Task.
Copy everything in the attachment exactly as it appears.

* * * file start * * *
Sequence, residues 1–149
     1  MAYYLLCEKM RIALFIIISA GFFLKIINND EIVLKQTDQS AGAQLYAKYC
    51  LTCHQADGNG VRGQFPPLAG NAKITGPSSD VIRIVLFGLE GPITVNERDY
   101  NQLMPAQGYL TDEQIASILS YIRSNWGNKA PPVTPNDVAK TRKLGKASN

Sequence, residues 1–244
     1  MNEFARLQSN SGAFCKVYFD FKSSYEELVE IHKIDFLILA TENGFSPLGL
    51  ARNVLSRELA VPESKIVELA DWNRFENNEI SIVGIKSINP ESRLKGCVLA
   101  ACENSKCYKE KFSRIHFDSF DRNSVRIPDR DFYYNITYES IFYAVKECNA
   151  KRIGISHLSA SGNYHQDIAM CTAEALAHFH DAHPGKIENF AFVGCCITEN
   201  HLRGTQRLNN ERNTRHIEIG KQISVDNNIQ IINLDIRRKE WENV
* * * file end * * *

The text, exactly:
Sequence, residues 1–149
     1  MAYYLLCEKM RIALFIIISA GFFLKIINND EIVLKQTDQS AGAQLYAKYC
    51  LTCHQADGNG VRGQFPPLAG NAKITGPSSD VIRIVLFGLE GPITVNERDY
   101  NQLMPAQGYL TDEQIASILS YIRSNWGNKA PPVTPNDVAK TRKLGKASN

Sequence, residues 1–244
     1  MNEFARLQSN SGAFCKVYFD FKSSYEELVE IHKIDFLILA TENGFSPLGL
    51  ARNVLSRELA VPESKIVELA DWNRFENNEI SIVGIKSINP ESRLKGCVLA
   101  ACENSKCYKE KFSRIHFDSF DRNSVRIPDR DFYYNITYES IFYAVKECNA
   151  KRIGISHLSA SGNYHQDIAM CTAEALAHFH DAHPGKIENF AFVGCCITEN
   201  HLRGTQRLNN ERNTRHIEIG KQISVDNNIQ IINLDIRRKE WENV